Henci Goer arrives to rescue the homebirth sheeple!

sheep in spring

You could practically hear the collective sigh of relief from the homebirth world.

The NYTimes solicited the medical opinions of 4 obstetricians to explain the increased risk of death at homebirth. But look, up in the sky, it’s Superbirther; faster than a snake in the grass, more powerful than an actual education, able to ignore mountains of scientific evidence in a single bound.

Henci Goer has arrived to give homebirth advocates permission to ignore actual scientific experts in favor of … herself!

The message of the obstetricians was clear and consistent:

Drs. Grunebaum and Chervenak: “In the United States, those who support home birth as safe are propagating junk science.”

Dr. Caughey: “Even in Europe, the fetal and neonatal risks are higher with home birth.”

Dr. Jennings: “The ability of a physician to rapidly provide care can be the difference between life or death for both mother and baby.”

Now Henci Goer “fact checks” the New York Times homebirth debate, and the sheeple in the homebirth community rush to embrace it. There is no independent thinking in the homebirth community; there are only celebrity homebirth advocates who spew nonsense and credulous homebirth advocates who lap it up.

Who is Henci Goer and what are her qualifications to critique Drs. Grunebaum, Chervenak, Caughey, and Jennings?

Actually she has no expert qualifications. As she herself has written:

You may be wondering about my credentials … since I am not a doctor — either M.D. or Ph.D — a midwife, or a nurse. I am a certified childbirth educator with a degree in biology from Brandeis University. Beyond that, I am self-taught.

So Henci Goer is not a medical professional and has no experience in the field of obstetrics. That, in itself is not a complete bar to understanding the obstetric literature if it is replaced by a PhD in a hard science or statistics. But, Goer doesn’t have those qualifications, either. In other words, Goer is a teacher of childbirth classes who reads the scientific papers that she likes, but has no independent way of assessing the full depth and breadth of the obstetric literature.

In response to a someone questioning the basis for her self-described expertise, Goer offered this cringe worthy response:

… I have a library of books and a collection of several thousand papers, including books and papers on how to analyze and interpret medical research; and I have been writing and speaking about what the consensus of maternity care research establishes as best promoting safe, healthy birth for over 20 years. That being said, my preeminent credential is illustrated by this anecdote: Penny Simkin was once called on the carpet by an anesthesiologist, irate that she had written a handout listing the potential trade-offs of epidural anesthesia when she was not a doctor (although he did not dispute her accuracy). “What are your credentials?” he demanded. “I can read,” she mildly replied. So can I.

Curiously, though Goer presents herself as an “expert” on the obstetric literature, no real experts agree with her grandiose self-description. She is not called for expert testimony in court cases that turn on the obstetric literature. The government does not invite her to join expert panels on obstetric topics. In fact, the only people who consider Goer an “expert” on the obstetric literature are lay people who have no way to evaluate her self-proclaimed expertise.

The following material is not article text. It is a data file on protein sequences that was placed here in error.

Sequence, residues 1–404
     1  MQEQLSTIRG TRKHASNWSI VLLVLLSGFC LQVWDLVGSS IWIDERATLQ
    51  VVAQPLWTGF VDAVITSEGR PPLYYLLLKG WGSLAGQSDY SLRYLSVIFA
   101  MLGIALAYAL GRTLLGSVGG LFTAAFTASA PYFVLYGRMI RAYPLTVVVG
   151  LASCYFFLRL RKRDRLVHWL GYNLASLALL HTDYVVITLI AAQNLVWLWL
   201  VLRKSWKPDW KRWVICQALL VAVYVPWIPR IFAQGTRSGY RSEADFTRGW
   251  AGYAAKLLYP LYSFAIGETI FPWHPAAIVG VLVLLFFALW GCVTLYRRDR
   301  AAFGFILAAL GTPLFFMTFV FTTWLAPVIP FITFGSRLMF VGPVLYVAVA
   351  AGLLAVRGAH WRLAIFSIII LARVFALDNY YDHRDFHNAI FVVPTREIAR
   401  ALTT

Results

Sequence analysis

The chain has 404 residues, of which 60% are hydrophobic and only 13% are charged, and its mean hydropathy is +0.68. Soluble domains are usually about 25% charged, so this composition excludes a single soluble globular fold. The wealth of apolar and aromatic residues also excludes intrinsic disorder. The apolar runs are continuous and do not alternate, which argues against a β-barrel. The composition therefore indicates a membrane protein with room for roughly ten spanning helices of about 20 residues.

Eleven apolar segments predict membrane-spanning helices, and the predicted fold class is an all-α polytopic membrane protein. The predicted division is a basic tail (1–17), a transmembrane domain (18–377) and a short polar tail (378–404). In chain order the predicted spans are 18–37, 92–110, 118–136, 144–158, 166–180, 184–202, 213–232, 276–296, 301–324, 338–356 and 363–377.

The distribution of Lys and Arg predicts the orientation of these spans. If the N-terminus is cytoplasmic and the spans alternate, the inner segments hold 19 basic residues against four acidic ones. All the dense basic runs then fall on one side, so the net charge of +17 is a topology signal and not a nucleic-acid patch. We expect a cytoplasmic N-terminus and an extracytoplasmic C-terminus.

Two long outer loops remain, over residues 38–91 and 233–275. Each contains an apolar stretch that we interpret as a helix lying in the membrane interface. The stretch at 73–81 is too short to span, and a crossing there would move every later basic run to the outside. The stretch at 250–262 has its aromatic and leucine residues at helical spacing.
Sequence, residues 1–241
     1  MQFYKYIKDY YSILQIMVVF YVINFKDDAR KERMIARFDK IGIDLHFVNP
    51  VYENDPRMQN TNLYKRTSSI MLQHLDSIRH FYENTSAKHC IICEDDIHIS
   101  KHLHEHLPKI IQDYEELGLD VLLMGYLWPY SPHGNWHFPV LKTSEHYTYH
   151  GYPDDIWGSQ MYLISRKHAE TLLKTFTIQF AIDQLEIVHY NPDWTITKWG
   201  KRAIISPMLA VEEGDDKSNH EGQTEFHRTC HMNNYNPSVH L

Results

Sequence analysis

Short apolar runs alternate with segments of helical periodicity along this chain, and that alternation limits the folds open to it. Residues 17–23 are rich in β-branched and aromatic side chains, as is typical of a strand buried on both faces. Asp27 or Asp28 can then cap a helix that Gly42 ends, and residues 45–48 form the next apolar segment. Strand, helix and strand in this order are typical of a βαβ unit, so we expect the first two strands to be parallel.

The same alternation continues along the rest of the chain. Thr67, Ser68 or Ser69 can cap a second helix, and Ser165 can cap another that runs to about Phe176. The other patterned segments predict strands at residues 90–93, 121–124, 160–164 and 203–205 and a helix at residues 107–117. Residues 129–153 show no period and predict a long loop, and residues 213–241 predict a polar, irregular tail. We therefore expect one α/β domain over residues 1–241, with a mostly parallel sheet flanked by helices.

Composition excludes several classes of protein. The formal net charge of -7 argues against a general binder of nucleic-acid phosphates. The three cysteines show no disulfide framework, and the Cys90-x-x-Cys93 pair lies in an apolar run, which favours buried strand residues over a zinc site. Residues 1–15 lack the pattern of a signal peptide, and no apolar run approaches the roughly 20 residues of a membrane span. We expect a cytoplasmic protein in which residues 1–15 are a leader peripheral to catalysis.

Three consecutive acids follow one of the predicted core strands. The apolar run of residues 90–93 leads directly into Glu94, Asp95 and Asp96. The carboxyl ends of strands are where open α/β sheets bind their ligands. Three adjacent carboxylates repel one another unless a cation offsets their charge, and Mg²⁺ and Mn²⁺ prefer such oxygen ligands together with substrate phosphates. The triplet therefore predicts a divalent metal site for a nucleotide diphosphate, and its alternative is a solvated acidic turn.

Ms. Goer never appears in any venue where she can actually be questioned on her supposed expertise. She knows that her claims would be eviscerated in short order. She just continues to spread misinformation by flattering homebirth sheeple into believing that accepting her nonsense means that they are “thinking.”

I am surprised by this piece, however. In the past, Goer has carefully avoided basing her claims on indefensible propaganda, but this time she goes all in, quoting a comment by the American College of Nurse Midwives and the MANA “study” on their own dismal homebirth death rate that she surely knows is an amalgamation of mistruths, half truths and outright lies. I view this as a sign of her increasing desperation. She knows that the evidence on the increased perinatal/neonatal death rate at homebirth is remarkably robust, has been repeatedly reproduced (including by Judith Rooks, CNM MPH in Oregon showing that PLANNED homebirth with a LICENSED homebirth midwife has a death rate 800% higher than comparable risk hospital birth), and is reflected by a growing number of homebirth deaths in the news. There was a time when her critiques were plausible, even if they were wrong. Now she’s been reduced to relying on drivel produced by her allies, most of whom are poorly educated laypeople such as herself.

But, of course, this has never been about the truth; this is about obscuring the truth.

Goer is painfully honest about her intentions:

Hopefully, I’ve helped to provide a defense for those who may find themselves under attack as a result of the NY Times article.

Because that’s what’s at stake for her and her colleagues, defending themselves and their profits from scientific evidence and expert opinion. Henci Goer makes her livelihood by promoting homebirth; she literally cannot afford to acknowledge the truth of the scientific evidence. The babies who die as a result of homebirth are apparently acceptable casualties of homebirth advocates’ strenuous efforts to protect their incomes.